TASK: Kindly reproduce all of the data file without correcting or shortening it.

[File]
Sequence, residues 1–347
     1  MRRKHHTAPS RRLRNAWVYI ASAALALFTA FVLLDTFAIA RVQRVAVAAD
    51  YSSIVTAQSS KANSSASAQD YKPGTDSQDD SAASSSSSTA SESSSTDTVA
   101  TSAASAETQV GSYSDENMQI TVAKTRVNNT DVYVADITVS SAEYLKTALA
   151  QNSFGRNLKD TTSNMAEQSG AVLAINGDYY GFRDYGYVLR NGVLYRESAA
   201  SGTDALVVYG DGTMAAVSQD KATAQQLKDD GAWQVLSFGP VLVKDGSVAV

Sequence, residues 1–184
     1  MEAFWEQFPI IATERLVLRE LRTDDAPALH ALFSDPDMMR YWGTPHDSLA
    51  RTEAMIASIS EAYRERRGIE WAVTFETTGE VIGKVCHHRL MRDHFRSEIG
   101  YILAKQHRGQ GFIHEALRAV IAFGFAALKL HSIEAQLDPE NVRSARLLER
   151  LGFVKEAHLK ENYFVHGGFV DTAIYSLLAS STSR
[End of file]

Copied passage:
Sequence, residues 1–347
     1  MRRKHHTAPS RRLRNAWVYI ASAALALFTA FVLLDTFAIA RVQRVAVAAD
    51  YSSIVTAQSS KANSSASAQD YKPGTDSQDD SAASSSSSTA SESSSTDTVA
   101  TSAASAETQV GSYSDENMQI TVAKTRVNNT DVYVADITVS SAEYLKTALA
   151  QNSFGRNLKD TTSNMAEQSG AVLAINGDYY GFRDYGYVLR NGVLYRESAA
   201  SGTDALVVYG DGTMAAVSQD KATAQQLKDD GAWQVLSFGP VLVKDGSVAV

Sequence, residues 1–184
     1  MEAFWEQFPI IATERLVLRE LRTDDAPALH ALFSDPDMMR YWGTPHDSLA
    51  RTEAMIASIS EAYRERRGIE WAVTFETTGE VIGKVCHHRL MRDHFRSEIG
   101  YILAKQHRGQ GFIHEALRAV IAFGFAALKL HSIEAQLDPE NVRSARLLER
   151  LGFVKEAHLK ENYFVHGGFV DTAIYSLLAS STSR